Talking to people was vital to my project, as I wanted to know not only what they had to say at the time of questioning, but also encouraged them to think into a near-future with the following question: 'what is the first thing you will do when all of this is over?'
I recently watched Dr Gary Lewandowski Jr.'s TED Talk about breakups. There is a part of his speech that applies to all human relationships, not just between couples. He says, "We don't like to lose things. And especially, we don't like to lose things that are important to us. And make no mistake, relationships are the most important thing for you in your life. They are the source of all your best memories. They are the source of all your worst memories. When you think about your life when you're 95 or 100 years old and look back, you won't think: 'I wish I owned a better phone', 'I wish I spent more time on the Internet', 'I wish I spent more time at work or sleeping'. It isn't going to be any of those kinds of things. It's going to be: 'I wish I spent more time with the people I loved'".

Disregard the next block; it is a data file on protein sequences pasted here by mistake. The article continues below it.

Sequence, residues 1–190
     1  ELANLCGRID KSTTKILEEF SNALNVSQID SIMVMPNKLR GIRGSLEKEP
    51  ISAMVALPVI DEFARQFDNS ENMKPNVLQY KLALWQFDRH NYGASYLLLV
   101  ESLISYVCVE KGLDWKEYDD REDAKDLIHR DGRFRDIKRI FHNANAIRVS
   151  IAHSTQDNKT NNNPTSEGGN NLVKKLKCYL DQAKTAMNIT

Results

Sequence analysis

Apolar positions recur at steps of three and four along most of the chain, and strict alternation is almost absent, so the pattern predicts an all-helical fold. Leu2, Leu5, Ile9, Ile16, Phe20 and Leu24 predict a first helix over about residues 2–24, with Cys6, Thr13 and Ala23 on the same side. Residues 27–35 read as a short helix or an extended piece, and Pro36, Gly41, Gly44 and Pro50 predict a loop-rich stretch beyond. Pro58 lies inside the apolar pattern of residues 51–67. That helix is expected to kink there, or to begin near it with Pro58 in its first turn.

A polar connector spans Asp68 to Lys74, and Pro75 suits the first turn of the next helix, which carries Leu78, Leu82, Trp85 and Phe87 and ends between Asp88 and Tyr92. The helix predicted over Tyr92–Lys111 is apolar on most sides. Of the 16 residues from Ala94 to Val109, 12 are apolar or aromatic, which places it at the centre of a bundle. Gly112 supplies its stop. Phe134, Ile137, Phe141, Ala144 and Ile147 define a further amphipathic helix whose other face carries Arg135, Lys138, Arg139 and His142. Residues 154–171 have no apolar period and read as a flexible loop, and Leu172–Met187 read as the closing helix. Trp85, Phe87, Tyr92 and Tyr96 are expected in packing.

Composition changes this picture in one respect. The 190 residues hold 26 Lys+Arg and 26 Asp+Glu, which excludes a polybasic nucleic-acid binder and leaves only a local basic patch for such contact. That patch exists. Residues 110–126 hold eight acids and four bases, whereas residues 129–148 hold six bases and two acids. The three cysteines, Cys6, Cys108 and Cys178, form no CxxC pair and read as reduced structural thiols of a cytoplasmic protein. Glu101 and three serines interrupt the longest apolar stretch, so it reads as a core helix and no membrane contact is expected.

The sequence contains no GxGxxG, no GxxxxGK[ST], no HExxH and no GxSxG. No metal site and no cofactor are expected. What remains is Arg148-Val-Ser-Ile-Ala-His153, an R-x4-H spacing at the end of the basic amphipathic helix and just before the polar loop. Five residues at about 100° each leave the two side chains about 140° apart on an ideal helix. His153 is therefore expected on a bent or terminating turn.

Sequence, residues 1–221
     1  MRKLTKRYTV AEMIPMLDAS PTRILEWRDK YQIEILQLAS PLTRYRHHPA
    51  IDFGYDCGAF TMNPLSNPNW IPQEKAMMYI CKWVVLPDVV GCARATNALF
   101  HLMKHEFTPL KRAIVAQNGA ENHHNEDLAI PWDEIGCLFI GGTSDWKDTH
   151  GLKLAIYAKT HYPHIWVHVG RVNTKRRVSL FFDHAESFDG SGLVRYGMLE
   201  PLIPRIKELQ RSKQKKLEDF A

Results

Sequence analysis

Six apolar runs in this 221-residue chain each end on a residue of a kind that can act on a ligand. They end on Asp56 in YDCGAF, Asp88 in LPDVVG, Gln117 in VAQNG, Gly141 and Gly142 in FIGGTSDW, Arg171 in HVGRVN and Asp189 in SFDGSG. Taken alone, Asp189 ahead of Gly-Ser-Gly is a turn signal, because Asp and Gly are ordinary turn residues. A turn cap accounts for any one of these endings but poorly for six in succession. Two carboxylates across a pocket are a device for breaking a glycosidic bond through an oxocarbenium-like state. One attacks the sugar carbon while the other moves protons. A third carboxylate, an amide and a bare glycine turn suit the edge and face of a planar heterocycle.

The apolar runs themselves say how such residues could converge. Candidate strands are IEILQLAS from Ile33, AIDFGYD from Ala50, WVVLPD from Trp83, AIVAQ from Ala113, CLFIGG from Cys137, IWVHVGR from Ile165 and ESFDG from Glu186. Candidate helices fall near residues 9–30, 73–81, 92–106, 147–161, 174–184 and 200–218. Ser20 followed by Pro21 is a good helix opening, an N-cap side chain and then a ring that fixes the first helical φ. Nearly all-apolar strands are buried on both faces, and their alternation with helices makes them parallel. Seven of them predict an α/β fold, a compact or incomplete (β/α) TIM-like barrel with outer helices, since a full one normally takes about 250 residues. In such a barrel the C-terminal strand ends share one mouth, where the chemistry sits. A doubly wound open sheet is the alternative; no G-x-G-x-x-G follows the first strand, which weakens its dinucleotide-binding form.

And that was exactly what the answers to my questions revealed: "To see my friends", "To see my family", "Throw a party for my friends", "Hug my mother", "Have my freedom back", "Go to the church", "Meeting my friends for a pint", "Visiting my hometown", "Traveling", "Being able to touch people again", "Free hugs"... People were missing experiences, human contact, and love relationships.